New Structural Compendium published for the assessment of higher-risk buildings in the UK

Guidance published by the Institute of Structural Engineers (IStructE) aims to help with the process for managing structural safety risks.

The Building Safety Act 2023 requires that some 12,500 higher-risk buildings (HRBs) are to be assessed over 2024 to 2029 to inform a safety case about how fire and structural safety risks are managed.

To help building assessors with this assignment, the Institution of Structural Engineers (IStructE) has published new guidance Assessing higher-risk buildings under the Building Safety Act: a compendium of structural typologies.

This compendium details 16 common HRB typologies. The guide focuses on UK buildings constructed or adapted between 1920 and 2020, with a description, a schedule of applicable building codes at the time of construction, and possible defects and other issues to be aware of.

Patrick Hayes, IStructE’s Technical Director and author of the Compendium explains:

The Building Safety Act aims to make dutyholders manage significant fire and structural risks, particularly in combination, to prevent significant incidents happening. Our Compendium is written with these in mind.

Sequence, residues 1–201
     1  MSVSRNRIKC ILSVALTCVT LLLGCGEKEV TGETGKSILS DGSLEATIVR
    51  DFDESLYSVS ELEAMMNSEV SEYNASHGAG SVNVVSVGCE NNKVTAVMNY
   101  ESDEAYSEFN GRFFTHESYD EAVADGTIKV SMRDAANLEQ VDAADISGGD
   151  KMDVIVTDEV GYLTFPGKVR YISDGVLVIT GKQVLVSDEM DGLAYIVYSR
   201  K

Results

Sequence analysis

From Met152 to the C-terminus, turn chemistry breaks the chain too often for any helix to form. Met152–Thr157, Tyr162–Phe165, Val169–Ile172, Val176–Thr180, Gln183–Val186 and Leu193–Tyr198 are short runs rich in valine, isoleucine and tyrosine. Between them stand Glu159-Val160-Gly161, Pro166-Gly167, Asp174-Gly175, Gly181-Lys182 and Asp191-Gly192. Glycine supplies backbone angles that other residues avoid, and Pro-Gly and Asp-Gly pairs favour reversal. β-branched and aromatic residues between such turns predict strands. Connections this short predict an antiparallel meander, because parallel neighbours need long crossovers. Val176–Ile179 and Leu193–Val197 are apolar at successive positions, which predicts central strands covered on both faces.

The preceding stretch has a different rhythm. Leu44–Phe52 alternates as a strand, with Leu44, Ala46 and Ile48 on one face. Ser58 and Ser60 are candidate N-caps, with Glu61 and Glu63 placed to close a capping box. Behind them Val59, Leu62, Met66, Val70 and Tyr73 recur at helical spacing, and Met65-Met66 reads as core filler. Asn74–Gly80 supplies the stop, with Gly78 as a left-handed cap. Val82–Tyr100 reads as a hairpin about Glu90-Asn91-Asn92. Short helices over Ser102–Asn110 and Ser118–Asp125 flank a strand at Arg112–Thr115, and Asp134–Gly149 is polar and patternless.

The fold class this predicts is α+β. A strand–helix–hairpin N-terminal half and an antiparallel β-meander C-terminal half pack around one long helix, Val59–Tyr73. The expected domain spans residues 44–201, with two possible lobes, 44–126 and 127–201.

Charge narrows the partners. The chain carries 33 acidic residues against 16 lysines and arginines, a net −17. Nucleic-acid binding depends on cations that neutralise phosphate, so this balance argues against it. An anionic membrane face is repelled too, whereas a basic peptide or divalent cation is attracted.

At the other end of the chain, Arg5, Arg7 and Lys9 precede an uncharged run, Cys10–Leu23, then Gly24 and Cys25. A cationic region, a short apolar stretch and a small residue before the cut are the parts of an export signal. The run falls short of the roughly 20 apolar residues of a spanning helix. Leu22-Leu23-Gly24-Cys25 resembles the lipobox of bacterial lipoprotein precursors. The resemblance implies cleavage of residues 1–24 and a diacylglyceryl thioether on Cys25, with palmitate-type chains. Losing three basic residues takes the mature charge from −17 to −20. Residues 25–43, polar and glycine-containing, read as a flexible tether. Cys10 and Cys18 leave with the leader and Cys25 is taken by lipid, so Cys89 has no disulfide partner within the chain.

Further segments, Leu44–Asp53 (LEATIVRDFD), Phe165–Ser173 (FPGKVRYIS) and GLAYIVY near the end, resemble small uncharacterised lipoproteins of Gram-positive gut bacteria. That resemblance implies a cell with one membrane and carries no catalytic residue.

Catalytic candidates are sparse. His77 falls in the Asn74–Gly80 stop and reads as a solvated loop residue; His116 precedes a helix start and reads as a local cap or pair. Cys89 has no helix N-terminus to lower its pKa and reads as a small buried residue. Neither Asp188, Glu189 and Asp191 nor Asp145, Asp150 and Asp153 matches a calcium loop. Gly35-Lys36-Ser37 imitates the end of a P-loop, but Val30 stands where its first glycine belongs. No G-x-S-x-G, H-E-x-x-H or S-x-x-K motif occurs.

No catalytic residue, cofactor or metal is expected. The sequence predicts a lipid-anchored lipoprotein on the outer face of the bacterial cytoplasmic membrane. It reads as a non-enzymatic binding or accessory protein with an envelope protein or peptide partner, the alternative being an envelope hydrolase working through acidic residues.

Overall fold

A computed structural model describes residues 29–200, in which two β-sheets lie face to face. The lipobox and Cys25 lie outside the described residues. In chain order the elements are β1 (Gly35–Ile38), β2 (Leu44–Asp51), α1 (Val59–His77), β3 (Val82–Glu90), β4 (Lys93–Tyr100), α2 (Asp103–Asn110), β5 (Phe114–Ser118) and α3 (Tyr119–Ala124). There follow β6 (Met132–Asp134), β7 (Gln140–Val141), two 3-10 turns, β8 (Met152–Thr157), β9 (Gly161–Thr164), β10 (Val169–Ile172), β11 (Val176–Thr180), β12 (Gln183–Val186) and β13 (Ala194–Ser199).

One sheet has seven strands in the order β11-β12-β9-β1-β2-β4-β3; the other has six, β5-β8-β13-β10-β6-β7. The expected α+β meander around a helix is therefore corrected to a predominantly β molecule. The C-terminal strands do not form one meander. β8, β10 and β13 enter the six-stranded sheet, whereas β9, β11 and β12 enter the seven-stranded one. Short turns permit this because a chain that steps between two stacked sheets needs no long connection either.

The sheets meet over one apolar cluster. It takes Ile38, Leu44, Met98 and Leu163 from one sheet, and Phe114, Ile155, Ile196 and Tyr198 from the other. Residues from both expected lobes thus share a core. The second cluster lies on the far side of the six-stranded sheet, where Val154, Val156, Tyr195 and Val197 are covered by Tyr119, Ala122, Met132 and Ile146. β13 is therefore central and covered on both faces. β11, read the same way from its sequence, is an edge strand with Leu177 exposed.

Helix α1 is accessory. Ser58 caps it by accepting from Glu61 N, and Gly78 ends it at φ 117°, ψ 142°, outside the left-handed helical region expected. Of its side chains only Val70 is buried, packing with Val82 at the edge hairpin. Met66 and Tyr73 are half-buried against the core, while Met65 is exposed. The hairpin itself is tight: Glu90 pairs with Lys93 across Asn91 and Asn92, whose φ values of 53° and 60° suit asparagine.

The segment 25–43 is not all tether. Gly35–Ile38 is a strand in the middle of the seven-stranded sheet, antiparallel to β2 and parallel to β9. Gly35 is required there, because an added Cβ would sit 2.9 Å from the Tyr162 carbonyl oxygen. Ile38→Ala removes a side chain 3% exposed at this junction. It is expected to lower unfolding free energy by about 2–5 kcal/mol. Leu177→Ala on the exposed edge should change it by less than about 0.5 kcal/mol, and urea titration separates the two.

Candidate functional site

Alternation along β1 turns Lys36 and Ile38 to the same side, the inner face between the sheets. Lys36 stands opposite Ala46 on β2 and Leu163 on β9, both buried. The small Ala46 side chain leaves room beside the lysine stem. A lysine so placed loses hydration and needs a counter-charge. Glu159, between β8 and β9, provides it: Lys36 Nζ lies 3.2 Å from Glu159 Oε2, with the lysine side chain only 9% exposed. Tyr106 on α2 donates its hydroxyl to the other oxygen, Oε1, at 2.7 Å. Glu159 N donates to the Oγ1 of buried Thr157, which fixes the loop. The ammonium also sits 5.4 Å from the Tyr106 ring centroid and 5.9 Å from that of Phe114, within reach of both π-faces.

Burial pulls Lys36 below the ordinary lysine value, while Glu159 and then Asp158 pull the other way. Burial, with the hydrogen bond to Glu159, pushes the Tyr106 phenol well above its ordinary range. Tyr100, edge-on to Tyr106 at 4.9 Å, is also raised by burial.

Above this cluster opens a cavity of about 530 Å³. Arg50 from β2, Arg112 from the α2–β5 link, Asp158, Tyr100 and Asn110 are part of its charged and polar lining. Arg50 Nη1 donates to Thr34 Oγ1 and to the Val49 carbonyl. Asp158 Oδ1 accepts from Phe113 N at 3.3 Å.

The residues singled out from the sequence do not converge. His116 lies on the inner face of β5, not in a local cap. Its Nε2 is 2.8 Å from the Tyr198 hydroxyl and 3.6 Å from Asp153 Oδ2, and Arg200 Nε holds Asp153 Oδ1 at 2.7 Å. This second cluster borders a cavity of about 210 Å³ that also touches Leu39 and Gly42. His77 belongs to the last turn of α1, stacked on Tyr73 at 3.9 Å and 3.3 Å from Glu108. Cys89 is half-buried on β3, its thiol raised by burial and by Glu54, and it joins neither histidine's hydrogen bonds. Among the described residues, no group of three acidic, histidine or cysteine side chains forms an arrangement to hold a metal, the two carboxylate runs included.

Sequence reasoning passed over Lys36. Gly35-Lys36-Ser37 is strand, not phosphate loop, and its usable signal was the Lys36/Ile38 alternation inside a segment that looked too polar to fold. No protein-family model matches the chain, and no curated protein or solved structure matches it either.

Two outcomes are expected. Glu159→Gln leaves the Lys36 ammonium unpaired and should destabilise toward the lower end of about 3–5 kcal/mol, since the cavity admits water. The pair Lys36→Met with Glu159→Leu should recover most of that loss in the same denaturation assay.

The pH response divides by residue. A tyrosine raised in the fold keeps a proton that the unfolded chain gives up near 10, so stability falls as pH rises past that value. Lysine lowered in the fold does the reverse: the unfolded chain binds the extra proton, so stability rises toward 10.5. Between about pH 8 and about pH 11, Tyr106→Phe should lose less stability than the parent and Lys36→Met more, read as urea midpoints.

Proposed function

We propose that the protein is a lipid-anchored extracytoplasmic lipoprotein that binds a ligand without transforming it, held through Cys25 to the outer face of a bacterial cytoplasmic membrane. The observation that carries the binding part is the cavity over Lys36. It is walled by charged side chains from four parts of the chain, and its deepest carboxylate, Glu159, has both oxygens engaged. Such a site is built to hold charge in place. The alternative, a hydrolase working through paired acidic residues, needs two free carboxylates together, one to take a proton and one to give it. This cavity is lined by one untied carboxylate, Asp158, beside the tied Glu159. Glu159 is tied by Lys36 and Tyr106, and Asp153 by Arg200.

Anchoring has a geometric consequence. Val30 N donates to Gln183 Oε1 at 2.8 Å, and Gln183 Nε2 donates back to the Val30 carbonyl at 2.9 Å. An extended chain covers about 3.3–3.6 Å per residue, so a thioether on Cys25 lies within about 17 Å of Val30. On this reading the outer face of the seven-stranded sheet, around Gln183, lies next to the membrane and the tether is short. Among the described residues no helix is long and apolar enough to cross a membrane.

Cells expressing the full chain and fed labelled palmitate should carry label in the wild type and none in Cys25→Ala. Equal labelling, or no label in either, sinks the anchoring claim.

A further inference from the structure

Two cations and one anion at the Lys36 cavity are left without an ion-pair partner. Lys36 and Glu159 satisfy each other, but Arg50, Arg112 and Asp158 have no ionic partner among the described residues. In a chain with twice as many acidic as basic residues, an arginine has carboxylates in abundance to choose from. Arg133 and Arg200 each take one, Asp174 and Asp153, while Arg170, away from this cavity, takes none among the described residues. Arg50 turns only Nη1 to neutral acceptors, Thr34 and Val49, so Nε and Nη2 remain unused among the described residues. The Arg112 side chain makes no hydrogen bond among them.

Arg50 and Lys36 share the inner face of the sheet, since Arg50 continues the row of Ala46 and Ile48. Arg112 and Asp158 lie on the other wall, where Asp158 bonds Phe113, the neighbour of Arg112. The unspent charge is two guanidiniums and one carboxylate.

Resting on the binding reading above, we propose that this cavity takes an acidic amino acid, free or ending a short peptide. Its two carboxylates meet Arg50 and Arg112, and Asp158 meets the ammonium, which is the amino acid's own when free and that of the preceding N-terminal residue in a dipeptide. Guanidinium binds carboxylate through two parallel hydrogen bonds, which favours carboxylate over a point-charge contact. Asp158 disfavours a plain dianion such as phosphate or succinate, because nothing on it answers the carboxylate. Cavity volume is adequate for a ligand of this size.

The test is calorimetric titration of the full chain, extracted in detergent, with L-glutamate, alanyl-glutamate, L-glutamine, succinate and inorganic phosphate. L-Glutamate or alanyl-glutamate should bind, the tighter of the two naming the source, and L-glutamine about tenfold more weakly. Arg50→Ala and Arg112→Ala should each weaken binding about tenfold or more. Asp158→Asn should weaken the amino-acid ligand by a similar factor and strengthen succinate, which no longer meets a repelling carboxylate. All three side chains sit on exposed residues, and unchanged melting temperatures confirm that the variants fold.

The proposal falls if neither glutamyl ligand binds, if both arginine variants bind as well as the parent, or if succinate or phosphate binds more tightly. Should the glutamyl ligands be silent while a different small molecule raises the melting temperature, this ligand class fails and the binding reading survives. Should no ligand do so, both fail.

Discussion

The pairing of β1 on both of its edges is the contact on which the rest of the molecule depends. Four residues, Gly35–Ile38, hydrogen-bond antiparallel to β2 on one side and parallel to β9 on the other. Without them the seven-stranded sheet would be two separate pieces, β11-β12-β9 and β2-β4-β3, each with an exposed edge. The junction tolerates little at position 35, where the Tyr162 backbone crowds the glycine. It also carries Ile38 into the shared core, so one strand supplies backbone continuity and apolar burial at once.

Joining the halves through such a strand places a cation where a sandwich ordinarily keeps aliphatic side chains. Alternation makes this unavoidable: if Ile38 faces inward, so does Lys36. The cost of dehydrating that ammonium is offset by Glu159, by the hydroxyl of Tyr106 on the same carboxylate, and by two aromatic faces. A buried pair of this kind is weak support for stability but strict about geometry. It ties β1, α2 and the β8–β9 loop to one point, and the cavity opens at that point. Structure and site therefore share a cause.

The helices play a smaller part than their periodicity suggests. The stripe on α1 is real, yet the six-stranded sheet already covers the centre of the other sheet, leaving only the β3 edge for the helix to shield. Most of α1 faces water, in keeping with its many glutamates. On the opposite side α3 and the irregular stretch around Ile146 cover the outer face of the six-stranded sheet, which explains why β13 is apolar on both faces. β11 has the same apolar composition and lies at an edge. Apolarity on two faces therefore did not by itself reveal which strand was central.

It’s designed for use at the initial part of a building assessment, in conjunction with other IStructE guidance and is very much a starting point for assessments carried out by competent assessors to allow important safety issues to be concentrated on.

Reinforced Autoclaved Aerated Concrete (RAAC) is covered in the Compendium, which is especially relevant and important given the recent prevalence of RAAC-related issues reported in schools, hospitals, and other public buildings.

Patrick Hayes concludes:

While the Compendium lists the common issues, risks  and problems, it must be remembered that well-designed, constructed, maintained structures are safe, and regular assessment ensures safety and guards against  deterioration.

Tags (Specialism/Topics)

Building safety